The first glulam being hoisted into place over the swimming pool area of the Resort Centre.

Al Raine (left) takes publishers from around the province on a tour of Whistler Town Centre.

Betty Chaba strums a tune while relaxing at Alta Lake in front of JB’s.

Garibaldi Building Supplies’ expanded new yard is ready for a busy summer season.

Some members of the Whistler Rotary Club.

1983

The most prudent bikers in the RCMP bicycle rodeo held Saturday, June 12 in Village Square (l to r) Simon Bellar, Samantha O’Keefe, Jody Rustad, Nicolas Busdon (overall winner). Melanie Busdon, Dave Den Duyf and Davey Blacklock who won the bicycle donated by Whistler Chamber of Commerce.

Municipal trail crews cut through the brush to make the final connection between the Alpine Meadows trail and the Meadow Park trail (under construction). Paving to complete the trail system will begin at the end of July.

These three answered this week’s question: Graeme Mounsey, Traveller, Sydney, Australia; Walter Therrien, Caretaker – Capilano Mobile Park, North Vancouver; Anne Crocker, Travel Counsellor – North Van Chamber of Commerce, West Vancouver.

If you attend the Sea Festival parade July 23, you’ll be able to enjoy the final results of this artist’s rendering for a Whistler float. The illustration will be used as a guide for constructing the float, estimated to cost $2,500.

1984

Kids, cars and parents turned out Saturday for a car wash and bake sale that netted over $200 for the school’s parent/teacher group. Police cars, a fire truck and a whole flotilla of private vehicles stopped for spring cleaning.

Emergency Services (last year called Tri-Services) overcame a mid-game spurt by the team from Citta to post a 17-12 victory on Monday in Whistler Beer League slo-pitch softball league action. Emergency Services now has a sparkling record of three wins and no losses.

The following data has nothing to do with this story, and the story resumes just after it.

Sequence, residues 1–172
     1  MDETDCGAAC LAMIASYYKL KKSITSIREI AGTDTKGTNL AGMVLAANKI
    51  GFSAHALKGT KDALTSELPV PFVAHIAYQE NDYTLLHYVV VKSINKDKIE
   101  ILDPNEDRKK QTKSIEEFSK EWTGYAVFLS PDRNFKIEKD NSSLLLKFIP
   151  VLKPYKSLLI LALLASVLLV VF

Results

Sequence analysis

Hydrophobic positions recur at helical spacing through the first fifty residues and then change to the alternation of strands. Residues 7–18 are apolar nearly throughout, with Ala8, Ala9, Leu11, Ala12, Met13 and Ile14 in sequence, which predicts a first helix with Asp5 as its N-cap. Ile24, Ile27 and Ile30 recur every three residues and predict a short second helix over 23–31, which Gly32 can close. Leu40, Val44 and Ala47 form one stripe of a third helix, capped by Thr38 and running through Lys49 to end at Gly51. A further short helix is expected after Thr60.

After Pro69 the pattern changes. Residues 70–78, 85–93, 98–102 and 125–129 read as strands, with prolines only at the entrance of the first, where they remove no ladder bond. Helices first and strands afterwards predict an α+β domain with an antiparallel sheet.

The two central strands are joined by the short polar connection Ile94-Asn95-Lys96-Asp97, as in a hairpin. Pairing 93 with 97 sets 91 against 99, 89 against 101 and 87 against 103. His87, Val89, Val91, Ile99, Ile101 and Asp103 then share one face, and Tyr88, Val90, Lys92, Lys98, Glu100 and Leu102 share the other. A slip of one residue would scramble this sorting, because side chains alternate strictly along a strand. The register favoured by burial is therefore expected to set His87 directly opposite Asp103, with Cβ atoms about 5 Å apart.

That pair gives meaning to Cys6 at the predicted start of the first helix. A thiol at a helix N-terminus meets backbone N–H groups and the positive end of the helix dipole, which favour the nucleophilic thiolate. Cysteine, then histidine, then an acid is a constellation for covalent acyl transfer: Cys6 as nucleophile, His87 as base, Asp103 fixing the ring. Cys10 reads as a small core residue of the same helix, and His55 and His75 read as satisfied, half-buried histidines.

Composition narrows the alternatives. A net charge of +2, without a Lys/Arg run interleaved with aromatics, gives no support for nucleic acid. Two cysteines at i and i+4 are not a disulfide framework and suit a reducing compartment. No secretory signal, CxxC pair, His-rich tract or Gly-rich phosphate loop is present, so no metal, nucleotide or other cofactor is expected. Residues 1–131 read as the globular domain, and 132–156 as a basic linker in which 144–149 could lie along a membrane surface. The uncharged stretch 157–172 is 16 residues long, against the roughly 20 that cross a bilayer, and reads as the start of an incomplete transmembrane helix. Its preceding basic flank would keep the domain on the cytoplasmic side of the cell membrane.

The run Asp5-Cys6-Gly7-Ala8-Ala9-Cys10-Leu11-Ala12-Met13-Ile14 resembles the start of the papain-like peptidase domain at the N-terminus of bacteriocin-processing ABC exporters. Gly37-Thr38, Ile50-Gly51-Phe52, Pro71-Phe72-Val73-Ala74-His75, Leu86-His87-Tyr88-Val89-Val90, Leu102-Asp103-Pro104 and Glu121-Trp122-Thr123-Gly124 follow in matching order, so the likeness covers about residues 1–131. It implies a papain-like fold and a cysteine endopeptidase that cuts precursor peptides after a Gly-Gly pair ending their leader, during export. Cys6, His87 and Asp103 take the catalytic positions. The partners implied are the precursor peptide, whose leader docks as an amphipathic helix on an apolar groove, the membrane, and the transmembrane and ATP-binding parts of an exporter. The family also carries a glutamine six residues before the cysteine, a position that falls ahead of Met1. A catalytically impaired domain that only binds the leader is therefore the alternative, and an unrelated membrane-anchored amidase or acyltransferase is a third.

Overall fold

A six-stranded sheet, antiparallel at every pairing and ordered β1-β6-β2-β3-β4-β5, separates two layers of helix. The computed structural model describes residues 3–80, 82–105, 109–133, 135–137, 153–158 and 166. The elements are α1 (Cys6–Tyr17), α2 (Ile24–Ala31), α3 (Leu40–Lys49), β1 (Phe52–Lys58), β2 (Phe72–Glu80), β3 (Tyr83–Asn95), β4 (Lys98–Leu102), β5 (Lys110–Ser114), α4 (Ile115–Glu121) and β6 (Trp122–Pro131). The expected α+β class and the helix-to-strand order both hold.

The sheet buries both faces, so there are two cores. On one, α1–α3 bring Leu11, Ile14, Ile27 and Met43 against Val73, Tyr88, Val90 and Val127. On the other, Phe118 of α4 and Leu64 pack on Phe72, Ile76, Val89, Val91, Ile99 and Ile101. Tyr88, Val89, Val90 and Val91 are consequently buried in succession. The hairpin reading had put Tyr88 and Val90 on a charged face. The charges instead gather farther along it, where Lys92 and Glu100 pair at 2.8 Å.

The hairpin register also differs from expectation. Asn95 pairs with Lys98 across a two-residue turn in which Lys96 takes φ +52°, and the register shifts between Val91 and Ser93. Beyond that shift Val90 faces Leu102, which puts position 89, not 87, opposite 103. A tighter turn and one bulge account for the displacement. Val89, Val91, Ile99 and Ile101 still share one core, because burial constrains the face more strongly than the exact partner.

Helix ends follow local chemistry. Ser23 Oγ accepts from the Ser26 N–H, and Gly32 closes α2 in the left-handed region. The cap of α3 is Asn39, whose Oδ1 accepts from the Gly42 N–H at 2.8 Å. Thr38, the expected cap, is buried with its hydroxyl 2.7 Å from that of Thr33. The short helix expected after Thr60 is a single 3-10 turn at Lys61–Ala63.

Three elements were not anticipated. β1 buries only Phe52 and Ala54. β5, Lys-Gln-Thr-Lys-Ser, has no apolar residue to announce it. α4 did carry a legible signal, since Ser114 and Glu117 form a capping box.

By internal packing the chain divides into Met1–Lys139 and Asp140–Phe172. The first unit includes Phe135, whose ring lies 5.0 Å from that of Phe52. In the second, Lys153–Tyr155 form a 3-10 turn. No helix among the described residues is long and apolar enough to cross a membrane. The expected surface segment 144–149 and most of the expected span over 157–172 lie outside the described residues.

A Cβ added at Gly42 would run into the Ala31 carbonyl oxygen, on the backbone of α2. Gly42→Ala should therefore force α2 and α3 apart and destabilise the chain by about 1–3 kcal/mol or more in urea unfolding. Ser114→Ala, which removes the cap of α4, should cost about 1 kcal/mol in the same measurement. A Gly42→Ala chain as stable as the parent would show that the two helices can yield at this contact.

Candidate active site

Three (two pictured) locked-out truckers picketed The Grocery Store in the village Tuesday, preventing other union members from bringing supplies to the store. Picketing trucker Dayton MacKenzie said they are protesting their employer’s decision to use “scab” drivers for food deliveries. Employer Slade and Steward Ltd. has locked out Vancouver employees, and other employees in BC are on strike as of Tuesday. Grocery Store owner Geoff Power was unavailable for comment at press time.

An Alpine Paving crew was hard at work last Wednesday paving the mini golf course just behind L’Apres at the gondola. Whistler Mountain hopes to have the Tattersfield and Associates designed course ready for operation by Saturday, June 16, but promise to have it ready for play by the following weekend. Eighteen holes will cost players $2.

No one skis anymore at the former Rainbow Ski area just off Highway 99 between Alpine Meadows and Emerald Estates but at one time it was the only place in Whistler open for night skiing. The ski jump was built by volunteers in the mid-1970s (though the date was recorded as mid-1970s in the Question accounts told to the Whistler Museum put the building of the ski jump earlier in the 1960s; the last competitions held on the ski jump occurred in the mid-1970s.).